It is of note that blunt cannula subcision is more effective than Nokor needle subcision for acne scars treatment [57]. Injectable fillers showed comparable results to 18‐gauge Nokor needle subcision [58], yet bruising from subcision was significantly worse than that from injection, whereas lumpiness from fillers was significantly worse than that from subcision. Significant and persistent improvement of acne scars, without considerable complications, was noted after the combined protocol of subcision, followed by HA filler initially, and then followed by fractional CO2 laser 2 weeks later [59]. Subcision combined with HA or threads could offer a more significant, clinical improvement of acne scars than subcision alone [60].

Subcision with autologous fat grafting showed better yet nonsignificant results versus subcision with PRP injection in the treatment of postacne scars [61]. However, one study comparing subcision with PRP injection versus normal saline showed similar efficacy, denoting that subcision, similar to the mechanical effect of injecting solution, is more important than the nature of the solution in the treatment of atrophic acne scars [62].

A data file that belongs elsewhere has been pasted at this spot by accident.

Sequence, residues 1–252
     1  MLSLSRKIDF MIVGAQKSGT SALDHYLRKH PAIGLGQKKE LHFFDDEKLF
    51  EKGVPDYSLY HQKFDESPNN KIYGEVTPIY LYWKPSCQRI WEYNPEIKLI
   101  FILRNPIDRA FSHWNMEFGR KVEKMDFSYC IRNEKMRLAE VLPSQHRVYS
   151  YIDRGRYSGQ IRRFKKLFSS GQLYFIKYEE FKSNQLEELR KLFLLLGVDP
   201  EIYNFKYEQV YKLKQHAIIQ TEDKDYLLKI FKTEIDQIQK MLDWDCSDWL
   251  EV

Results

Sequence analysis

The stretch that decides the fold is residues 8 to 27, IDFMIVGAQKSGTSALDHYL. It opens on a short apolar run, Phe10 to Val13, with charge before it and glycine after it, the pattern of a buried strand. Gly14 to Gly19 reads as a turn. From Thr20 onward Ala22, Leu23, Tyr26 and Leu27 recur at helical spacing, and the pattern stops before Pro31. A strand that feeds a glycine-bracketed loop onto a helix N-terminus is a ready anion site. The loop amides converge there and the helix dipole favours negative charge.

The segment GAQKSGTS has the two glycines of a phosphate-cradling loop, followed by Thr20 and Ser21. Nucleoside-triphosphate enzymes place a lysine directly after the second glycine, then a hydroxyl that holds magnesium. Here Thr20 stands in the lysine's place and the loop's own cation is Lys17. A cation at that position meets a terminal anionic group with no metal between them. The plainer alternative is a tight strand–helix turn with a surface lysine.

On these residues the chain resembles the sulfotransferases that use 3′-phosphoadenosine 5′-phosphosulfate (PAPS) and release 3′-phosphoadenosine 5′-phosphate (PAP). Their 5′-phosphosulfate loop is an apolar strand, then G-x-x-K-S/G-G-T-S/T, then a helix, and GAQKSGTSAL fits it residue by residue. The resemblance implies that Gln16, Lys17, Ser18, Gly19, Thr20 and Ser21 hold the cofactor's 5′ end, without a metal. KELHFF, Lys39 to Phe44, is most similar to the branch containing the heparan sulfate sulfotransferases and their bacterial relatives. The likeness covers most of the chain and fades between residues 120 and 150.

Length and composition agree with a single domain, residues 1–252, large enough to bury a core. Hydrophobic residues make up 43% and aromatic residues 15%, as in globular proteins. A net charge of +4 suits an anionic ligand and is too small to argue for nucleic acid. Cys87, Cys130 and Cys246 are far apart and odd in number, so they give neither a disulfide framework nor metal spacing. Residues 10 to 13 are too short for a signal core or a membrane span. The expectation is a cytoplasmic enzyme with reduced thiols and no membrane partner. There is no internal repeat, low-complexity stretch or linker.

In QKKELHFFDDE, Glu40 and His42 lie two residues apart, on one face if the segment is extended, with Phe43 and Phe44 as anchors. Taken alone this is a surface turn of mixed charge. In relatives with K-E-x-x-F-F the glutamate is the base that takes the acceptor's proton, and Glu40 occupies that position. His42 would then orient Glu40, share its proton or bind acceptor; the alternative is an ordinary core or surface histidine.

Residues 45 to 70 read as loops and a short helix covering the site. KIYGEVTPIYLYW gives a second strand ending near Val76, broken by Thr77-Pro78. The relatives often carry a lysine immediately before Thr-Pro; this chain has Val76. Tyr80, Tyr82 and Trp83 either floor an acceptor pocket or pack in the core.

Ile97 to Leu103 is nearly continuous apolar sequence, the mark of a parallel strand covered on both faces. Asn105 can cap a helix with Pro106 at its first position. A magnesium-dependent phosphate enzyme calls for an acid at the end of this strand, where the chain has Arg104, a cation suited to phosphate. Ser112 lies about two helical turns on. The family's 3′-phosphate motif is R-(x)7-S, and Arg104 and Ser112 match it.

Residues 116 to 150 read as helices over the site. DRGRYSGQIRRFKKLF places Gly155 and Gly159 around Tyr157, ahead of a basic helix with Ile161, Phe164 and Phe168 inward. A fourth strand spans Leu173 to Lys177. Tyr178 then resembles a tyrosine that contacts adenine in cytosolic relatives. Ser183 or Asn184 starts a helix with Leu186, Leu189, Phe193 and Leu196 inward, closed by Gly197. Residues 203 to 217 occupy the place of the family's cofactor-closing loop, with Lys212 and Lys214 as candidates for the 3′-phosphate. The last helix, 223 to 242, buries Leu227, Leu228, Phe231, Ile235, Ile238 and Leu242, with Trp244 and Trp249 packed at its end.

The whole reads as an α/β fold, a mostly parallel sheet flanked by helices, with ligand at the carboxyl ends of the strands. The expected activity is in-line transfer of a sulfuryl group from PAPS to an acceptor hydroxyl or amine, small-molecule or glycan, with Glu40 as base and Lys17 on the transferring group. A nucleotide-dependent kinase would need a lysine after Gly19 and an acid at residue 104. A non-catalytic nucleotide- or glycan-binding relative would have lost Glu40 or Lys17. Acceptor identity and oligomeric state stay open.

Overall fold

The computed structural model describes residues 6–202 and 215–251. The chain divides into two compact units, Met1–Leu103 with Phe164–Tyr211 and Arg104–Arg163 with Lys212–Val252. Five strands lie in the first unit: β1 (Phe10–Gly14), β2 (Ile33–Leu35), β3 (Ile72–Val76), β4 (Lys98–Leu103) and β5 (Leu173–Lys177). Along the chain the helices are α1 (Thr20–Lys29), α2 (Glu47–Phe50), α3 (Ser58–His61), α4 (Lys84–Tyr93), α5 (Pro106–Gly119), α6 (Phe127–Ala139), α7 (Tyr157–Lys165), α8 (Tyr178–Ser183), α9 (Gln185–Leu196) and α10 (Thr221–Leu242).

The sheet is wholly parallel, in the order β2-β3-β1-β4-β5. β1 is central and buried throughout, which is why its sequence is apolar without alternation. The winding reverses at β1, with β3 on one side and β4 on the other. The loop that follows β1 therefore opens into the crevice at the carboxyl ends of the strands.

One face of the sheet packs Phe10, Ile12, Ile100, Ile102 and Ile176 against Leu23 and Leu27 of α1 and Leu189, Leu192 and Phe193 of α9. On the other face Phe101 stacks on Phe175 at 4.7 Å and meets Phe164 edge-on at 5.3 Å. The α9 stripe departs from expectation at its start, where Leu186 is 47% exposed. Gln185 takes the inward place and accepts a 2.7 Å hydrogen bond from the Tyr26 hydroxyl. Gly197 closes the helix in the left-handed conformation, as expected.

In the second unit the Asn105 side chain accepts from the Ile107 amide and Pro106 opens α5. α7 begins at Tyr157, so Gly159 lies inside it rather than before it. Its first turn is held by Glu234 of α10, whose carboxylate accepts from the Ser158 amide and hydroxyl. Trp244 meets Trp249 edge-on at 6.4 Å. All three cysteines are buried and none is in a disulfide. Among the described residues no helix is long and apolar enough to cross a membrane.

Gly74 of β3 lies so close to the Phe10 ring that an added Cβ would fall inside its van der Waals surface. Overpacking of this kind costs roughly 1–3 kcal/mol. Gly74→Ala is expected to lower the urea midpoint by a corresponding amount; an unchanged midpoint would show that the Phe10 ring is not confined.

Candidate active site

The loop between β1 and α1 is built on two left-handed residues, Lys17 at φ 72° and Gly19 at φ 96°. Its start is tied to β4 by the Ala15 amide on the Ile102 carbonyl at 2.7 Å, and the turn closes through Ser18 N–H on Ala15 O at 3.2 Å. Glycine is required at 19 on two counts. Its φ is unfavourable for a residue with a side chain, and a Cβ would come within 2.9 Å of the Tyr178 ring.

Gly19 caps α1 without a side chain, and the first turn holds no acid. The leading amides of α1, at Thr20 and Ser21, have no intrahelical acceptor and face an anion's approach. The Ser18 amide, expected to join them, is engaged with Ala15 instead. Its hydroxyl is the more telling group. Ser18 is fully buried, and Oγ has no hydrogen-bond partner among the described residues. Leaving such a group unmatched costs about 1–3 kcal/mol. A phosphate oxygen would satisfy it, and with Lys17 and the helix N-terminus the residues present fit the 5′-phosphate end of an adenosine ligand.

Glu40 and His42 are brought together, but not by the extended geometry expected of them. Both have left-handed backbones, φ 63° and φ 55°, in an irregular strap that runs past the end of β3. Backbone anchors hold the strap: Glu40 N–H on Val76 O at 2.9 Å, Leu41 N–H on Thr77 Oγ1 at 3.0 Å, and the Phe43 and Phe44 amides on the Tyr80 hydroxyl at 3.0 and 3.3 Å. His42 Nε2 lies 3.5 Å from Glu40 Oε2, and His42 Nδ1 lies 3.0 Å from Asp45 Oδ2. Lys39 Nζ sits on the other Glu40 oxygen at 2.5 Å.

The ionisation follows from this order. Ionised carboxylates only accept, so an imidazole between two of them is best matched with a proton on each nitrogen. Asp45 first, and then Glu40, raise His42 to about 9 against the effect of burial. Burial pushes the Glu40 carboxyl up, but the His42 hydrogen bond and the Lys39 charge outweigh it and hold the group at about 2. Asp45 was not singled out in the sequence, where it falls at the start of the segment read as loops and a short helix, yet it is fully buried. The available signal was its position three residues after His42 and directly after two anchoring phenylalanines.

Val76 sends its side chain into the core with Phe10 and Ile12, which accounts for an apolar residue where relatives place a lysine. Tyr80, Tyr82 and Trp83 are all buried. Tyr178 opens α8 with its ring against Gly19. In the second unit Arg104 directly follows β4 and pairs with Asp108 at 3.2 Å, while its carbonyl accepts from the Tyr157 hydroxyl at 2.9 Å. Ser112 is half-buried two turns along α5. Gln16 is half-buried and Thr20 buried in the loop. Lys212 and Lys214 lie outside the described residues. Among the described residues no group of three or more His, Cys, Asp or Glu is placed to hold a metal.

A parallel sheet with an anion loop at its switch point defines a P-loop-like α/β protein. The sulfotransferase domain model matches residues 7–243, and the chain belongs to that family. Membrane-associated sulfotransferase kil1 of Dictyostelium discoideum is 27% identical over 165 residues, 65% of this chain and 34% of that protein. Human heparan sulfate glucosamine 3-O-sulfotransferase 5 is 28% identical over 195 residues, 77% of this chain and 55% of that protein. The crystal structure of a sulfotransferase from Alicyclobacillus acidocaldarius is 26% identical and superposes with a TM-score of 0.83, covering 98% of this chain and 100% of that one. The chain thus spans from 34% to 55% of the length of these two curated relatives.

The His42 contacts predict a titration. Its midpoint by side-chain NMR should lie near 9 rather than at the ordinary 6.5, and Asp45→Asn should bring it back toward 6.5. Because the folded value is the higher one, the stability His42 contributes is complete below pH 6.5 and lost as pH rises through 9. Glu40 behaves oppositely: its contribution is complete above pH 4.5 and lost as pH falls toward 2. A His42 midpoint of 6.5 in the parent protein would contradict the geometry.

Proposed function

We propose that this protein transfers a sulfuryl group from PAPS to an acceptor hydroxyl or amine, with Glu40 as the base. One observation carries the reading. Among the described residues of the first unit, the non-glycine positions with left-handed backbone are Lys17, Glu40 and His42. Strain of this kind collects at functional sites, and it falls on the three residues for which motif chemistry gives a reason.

Other Treatments

Treatment with topical epidermal growth factor after ablative fractional CO2 laser is safe and improves the clinical appearance of atrophic acne scars. Epidermal growth factor may help decrease skin pigmentation after laser treatment [63].

Botulinum toxin type A microtoxin, when injected intradermally as microdroplets, can be used to reduce pore size, sebum production, rosacea, acne, scars, and fine lines. Intradermal injection can also be used for the safe prevention and management of scars [64].

Ozone has been gaining greater visibility for its possible antioxidant effects when used in human dermatological pathologies, including skin scarring. However, more studies with better methodological standards and longer-term assessments of side effects should be conducted to achieve better standards and safety in ozone therapy for dermatological conditions [65].

The main treatments for atrophic postacne scars discussed in this review are summarized in Table 1.